Life Lines by Dr. Dolittle

Sponsored by the American Physiological Society

Comparative Physiology

Reducing gas emissions…from cows

No joke: California Governor Jerry Brown signed a bill to regulate ‘gas’ emissions from cows along with other sources of greenhouse gases, of course. According to an interview from NPR, dairy cows are the number one producer of methane in California. The problem with methane is that it is a major component of smog, although according to scientists at the University of California Santa Barbara, it is not the leading cause of global warming. In fact, agriculture-related […]

Continue Reading →

Extreme Physiology: Radiation Tolerance

  Don’t let their small size fool you. Tardigrades, or ‘water bears’, are really tough animals. According to a review published in the American Scientist, these microscopic invertebrates can survive extreme variations in temperature from near absolute zero (-459 deg F) up to +302 deg F. They can also tolerate pressures that are 6 times greater than the deepest ocean, exposure to ionizing radiation (UV and x-ray) and the vacuum of space, as well as exposure to […]

Continue Reading →

The cost of male pheromones

A new study conducted by researchers at Northwestern University examined the costs of reproduction in roundworms, otherwise known as C. elegans. They discovered that male roundworms can send two kinds of pheromones that prime females for reproduction. One type of pheromone they studied sparks the onset of puberty in young female worms while the other prolongs fertility in aging females.  The problem is that these changes come at a cost as it shortens the lifespan of […]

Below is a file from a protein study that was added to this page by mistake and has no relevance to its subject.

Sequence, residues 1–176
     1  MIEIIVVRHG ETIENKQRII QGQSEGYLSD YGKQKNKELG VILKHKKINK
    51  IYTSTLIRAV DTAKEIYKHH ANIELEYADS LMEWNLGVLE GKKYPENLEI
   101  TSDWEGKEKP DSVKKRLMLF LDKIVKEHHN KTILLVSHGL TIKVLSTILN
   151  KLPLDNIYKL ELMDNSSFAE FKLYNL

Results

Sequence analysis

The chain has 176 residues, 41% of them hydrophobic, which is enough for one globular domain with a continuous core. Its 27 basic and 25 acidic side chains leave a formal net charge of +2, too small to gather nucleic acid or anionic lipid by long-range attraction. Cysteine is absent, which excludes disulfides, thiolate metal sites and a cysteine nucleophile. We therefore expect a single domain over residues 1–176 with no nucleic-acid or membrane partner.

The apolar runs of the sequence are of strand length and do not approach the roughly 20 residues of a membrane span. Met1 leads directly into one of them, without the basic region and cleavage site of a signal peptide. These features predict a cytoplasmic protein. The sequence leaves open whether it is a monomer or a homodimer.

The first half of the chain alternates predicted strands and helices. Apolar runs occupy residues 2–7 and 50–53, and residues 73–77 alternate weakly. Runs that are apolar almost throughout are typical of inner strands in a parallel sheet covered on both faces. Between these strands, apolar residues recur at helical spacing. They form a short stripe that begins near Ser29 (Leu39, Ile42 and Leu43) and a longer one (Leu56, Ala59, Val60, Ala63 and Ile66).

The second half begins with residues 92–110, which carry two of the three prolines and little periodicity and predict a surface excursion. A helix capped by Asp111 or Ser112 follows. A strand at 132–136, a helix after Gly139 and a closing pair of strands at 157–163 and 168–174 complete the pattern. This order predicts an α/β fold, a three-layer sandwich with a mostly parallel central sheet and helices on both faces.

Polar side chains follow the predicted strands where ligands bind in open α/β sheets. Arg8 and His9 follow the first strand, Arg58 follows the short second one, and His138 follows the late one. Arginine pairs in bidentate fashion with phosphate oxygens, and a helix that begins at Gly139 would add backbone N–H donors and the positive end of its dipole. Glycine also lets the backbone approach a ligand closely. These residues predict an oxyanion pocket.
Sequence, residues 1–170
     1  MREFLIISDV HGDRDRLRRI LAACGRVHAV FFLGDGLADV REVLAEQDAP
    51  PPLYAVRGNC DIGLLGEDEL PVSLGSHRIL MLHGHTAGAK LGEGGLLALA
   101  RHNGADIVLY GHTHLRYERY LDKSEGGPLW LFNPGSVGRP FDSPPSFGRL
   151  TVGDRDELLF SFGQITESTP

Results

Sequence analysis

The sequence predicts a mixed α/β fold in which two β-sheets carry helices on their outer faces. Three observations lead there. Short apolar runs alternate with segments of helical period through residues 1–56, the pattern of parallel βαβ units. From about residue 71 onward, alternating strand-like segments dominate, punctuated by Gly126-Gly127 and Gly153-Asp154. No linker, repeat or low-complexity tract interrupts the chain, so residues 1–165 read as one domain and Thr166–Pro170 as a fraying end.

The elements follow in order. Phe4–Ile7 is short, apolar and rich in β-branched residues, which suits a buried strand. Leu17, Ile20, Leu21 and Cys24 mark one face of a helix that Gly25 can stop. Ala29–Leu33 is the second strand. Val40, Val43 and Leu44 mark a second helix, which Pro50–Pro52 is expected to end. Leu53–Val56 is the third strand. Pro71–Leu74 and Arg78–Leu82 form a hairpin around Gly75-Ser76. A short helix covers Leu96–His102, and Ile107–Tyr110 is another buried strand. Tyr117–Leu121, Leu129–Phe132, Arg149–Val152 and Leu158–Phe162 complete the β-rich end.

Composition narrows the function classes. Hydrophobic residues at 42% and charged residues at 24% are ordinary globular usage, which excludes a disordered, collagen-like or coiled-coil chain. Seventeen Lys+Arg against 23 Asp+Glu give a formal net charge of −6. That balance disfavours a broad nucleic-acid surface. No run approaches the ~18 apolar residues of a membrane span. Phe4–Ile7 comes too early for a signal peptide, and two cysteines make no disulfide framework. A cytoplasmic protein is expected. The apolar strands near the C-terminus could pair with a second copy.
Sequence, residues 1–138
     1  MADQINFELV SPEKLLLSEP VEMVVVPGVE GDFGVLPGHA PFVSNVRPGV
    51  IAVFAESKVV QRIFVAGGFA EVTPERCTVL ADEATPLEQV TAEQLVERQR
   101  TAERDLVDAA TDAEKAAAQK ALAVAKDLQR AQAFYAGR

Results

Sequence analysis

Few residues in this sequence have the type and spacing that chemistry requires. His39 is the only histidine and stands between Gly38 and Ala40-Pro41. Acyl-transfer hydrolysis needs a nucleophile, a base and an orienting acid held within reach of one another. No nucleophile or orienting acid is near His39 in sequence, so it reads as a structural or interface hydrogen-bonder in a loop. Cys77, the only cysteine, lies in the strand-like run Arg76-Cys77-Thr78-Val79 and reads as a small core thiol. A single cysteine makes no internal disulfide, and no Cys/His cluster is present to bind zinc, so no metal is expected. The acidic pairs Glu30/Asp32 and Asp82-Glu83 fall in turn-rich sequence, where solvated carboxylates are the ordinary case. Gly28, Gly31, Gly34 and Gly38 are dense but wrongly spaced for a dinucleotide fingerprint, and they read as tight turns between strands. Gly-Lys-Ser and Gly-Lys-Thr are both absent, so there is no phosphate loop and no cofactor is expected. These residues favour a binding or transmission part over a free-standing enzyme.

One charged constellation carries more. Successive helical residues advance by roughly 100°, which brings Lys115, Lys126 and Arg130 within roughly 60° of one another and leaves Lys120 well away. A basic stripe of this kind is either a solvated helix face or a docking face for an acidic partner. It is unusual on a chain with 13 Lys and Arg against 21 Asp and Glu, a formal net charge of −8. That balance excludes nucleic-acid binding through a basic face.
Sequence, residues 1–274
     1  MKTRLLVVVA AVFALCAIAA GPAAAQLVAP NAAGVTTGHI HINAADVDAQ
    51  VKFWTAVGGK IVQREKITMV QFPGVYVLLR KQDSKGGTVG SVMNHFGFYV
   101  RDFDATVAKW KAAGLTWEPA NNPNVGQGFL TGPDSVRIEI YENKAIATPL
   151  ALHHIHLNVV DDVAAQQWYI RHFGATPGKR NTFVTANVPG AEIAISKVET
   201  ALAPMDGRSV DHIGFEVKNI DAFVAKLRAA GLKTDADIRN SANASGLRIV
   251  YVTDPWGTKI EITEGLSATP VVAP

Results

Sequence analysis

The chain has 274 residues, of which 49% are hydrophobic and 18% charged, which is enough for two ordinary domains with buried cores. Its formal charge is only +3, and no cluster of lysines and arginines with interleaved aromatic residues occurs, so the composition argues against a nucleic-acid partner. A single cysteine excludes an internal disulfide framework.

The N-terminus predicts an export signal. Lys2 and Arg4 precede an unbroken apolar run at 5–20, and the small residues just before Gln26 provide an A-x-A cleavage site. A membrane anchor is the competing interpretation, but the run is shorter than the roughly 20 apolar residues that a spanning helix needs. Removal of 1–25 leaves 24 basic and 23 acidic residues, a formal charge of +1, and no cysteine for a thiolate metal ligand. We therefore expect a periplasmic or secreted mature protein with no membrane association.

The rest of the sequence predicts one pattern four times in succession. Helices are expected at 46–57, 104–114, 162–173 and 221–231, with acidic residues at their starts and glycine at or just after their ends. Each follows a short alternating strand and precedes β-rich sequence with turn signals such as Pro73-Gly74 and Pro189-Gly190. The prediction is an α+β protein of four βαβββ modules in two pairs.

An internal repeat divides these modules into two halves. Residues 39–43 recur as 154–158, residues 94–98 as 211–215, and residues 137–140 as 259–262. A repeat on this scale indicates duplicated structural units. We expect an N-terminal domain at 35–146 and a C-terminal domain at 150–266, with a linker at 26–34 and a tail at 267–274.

Continue Reading →

What do ‘peeps’ and ‘yo-yos’ have to do with diving?

Until now I had assumed that a “peep” was that squishy sugar-covered marshmallow treat that we enjoyed as kids and a “yo-yo” was a toy on a string. As it turns out, peep and yo-yo are also term used to described types of diving patterns. A square dive is one in which there are no excursions to the surface, known as a “peep”, except at the end of the dive, of course. This is in contrast […]

Continue Reading →

Rodent Birth Control

News out of Flagstaff, Arizona reports that a biotechnology company in the area, SenesTech, has developed a birth control for rats that was recently cleared by the Environmental Protection Agency. The new drug comes in the form of a sweetened liquid bait that has been shown to reduce rodent populations by as much as 40%. It works in female rats by inducing loss of eggs whereas in male rats it disrupts development of sperm. The drug is […]

Continue Reading →

Cancer resistance developing in Tasmanian devils

Tasmanian devils are rather large carnivorous marsupials. By large, I mean the world’s largest. In only 2 decades, the population of Tasmanian devils have declined by about 85%, landing these animals on the endangered species list. The cause: an infectious cancer called devil facial tumor disease (DFTD). As the name implies, this cancer causes facial tumors that grow so large, the victims starve to death in as little as 6 […]

Continue Reading →

Drug increases blood flow to the brain – Implications for stroke?

Researchers from Friedrich Schiller University (Jena, Germany) and Heinrich-Heine-University (Düsseldorf, Germany) teamed up to test whether a heart failure medication that is currently being tested might also improve blood flow in the brain. Their findings were published last month in the American Journal of Physiology, Heart and Circulatory Physiology. According to the study authors, the small blood vessels in the brains of sheep closely resemble those in the human brain. Using imaging techniques, they […]

Continue Reading →